But not long after that, things started to fall apart. McCaffrey unsuccessfully sued his former partners in the southwest Portland cable railway enterprise and George Markle, who bought the mansion McCaffrey had built on Portland Heights. In 1892 McCaffrey was arrested for land fraud related to 80 acres he was trying to sell south of Oregon City, charges he wriggled out of on a technicality. In 1893 he was charged with embezzlement, which he tried to shrug off as a misunderstanding and escaped because of technicality related to evidence. That same year he was accused of fraud by two of his fellow members of the Chamber of Commerce. And, Eugenie was granted a divorce citing inhuman treatment.

When he was indicted on check fraud in February 1894, The Oregonian reported that in a period of a few years, McCaffrey had been remanded to a grand jury on a dozen fraud charges of various types. He was no longer able to secure a bondsman to keep him out of trouble, and business must have gotten tight as people discovered he was not a man of his word. Eventually, McCaffrey was convicted of check fraud and served a few months in the Oregon pen before winning on appeal on a technicality, when he fled to his native Philadelphia to resume his legal practice.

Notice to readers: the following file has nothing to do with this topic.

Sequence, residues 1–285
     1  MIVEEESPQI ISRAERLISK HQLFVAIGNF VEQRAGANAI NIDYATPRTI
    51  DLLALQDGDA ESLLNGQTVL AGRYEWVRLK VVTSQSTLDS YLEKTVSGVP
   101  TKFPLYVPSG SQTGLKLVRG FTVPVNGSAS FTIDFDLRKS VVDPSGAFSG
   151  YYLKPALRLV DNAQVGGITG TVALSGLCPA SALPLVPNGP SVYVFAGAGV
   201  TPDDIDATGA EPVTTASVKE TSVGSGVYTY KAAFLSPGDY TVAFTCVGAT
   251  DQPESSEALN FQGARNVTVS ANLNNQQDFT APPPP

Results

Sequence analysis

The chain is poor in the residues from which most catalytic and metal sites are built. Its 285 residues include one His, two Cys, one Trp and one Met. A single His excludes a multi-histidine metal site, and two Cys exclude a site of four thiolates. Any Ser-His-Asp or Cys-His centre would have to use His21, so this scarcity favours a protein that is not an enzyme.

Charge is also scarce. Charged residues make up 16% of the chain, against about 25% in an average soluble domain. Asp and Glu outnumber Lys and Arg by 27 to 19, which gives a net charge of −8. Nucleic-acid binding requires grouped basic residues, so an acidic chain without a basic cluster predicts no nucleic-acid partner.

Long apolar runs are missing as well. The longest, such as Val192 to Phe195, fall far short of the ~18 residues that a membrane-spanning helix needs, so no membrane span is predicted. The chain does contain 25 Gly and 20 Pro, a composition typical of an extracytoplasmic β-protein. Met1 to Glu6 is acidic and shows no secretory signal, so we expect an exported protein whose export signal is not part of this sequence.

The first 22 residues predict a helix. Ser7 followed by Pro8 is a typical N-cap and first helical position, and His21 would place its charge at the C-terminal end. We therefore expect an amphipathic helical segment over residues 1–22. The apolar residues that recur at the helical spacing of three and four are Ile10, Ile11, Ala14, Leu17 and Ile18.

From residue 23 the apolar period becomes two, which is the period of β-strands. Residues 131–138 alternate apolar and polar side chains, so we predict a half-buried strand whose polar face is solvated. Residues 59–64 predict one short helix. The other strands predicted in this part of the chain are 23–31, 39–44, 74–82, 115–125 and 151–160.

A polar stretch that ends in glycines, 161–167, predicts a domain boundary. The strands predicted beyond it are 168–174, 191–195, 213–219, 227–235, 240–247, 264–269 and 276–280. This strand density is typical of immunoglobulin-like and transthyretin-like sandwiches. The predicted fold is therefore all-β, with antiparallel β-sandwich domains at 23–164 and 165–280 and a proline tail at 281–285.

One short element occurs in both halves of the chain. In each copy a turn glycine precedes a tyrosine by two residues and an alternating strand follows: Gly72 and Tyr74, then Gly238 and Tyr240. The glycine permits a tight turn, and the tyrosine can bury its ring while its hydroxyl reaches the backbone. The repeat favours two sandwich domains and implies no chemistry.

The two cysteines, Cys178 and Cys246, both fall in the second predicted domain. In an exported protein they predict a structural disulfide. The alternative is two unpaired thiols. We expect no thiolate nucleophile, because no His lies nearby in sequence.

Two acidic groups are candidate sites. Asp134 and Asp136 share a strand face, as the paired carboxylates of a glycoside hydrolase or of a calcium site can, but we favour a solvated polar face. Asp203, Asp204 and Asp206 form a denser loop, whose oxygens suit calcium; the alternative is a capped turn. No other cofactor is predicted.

Here’s where it gets stranger than fiction (a small reward for those of you who have stayed with me this far): In 1895, McCaffrey was hired by the defense team of serial murderer H.H. Holmes (made famous in the book The Devil in the White City…about the “murder castle” near the 1893 Chicago World Fair) to try to persuade Pennsylvania Governor Robert Pattison and the Pardon Board to stay Holmes’s execution. We know McCaffrey was a persuasive attorney when it came to appeals, but not this time. Several months later, McCaffrey took his own life.